It would seem that there are more spiritual applications that can be made through the meanings for some of these words in the Hebrew.  The word for withereth includes the idea of shame, confusion, disappointment, and drying up.  The word for fadeth includes the idea of wilting, falling away, failing, to be foolish or (morally) wicked, despise and disgrace.  As I contemplate the spiritual application, it seems to be saying that mankind in general is in a state of shame and confusion; they are a disappointment to themselves and God.  They are drying up; they have no ability to give spiritual encouragement or strength to one another.  Even the recognized flowers (who I am equating with those who are following God in faith) among men will experience failure and foolishness.  They will eventually be despised and disgraced by their fellowman for their stand of faith.  They can even experience an attitude of despising themselves because of sin that enters their life that would bring disgrace to God.  Maybe I am reading quite a bit more into these verses than the obvious meaning, but I believe these are valid deductions.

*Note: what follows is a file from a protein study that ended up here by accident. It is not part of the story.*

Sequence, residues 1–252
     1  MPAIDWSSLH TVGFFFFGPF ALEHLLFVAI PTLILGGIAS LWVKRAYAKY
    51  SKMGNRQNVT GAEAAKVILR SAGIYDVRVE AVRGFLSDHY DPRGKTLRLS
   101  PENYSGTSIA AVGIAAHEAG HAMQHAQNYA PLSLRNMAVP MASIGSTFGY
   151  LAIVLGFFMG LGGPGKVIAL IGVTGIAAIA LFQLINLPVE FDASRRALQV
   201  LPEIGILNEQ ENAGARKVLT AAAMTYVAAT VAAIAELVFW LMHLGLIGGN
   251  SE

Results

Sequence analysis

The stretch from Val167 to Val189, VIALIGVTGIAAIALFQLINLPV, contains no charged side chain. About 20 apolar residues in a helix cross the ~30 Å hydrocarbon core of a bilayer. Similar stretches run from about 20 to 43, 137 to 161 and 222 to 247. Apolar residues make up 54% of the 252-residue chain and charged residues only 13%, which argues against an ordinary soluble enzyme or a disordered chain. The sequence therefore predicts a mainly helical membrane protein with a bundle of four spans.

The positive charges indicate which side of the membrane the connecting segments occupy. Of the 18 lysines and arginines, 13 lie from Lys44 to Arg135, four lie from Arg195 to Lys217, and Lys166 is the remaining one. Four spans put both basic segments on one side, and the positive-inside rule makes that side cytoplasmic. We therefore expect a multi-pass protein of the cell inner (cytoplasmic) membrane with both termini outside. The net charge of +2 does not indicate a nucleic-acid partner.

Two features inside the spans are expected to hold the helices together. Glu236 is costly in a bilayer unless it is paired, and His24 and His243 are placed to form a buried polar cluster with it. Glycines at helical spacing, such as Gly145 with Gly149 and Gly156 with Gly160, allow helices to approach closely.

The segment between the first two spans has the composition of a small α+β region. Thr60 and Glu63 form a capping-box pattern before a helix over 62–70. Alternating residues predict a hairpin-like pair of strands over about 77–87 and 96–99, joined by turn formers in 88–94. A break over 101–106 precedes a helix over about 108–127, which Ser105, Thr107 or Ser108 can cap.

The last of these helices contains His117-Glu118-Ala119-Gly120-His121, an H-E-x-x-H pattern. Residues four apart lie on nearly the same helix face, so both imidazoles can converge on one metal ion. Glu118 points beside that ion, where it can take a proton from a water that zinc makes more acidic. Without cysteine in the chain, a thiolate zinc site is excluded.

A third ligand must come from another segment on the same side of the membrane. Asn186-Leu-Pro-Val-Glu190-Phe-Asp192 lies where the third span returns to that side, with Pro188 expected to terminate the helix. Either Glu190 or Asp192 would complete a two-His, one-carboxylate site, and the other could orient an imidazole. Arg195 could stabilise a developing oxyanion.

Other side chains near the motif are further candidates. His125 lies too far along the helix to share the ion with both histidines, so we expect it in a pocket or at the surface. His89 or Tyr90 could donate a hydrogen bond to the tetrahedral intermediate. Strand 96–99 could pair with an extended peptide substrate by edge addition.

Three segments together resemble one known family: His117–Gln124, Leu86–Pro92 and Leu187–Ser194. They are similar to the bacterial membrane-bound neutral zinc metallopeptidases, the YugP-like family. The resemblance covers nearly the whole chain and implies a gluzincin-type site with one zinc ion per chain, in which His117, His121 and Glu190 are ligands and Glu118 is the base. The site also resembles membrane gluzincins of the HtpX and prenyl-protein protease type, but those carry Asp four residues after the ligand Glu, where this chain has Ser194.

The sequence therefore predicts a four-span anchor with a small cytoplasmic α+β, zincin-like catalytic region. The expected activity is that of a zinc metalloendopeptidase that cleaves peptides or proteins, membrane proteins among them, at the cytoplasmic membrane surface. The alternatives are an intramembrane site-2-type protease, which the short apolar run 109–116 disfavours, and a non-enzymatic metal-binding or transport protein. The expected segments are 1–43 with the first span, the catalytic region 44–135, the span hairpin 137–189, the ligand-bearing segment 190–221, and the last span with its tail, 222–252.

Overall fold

In contrast to the finite existence of man in these present physical bodies, God is ever the same; He never changes.  His word will stand forever; it will never fail; He will never fail.

 

Malachi 3:6 For I am the LORD, I change not…

 

Hebrews 13:8 Jesus Christ the same yesterday, and to day, and for ever.

 

Is. 40:9 O Zion, that bringest good tidings, get thee up into the high mountain; O Jerusalem, that bringest good tidings, lift up thy voice with strength; lift it up, be not afraid; say unto the cities of Judah, Behold your God!

 

I like the translation from the Complete Jewish Bible for this verse.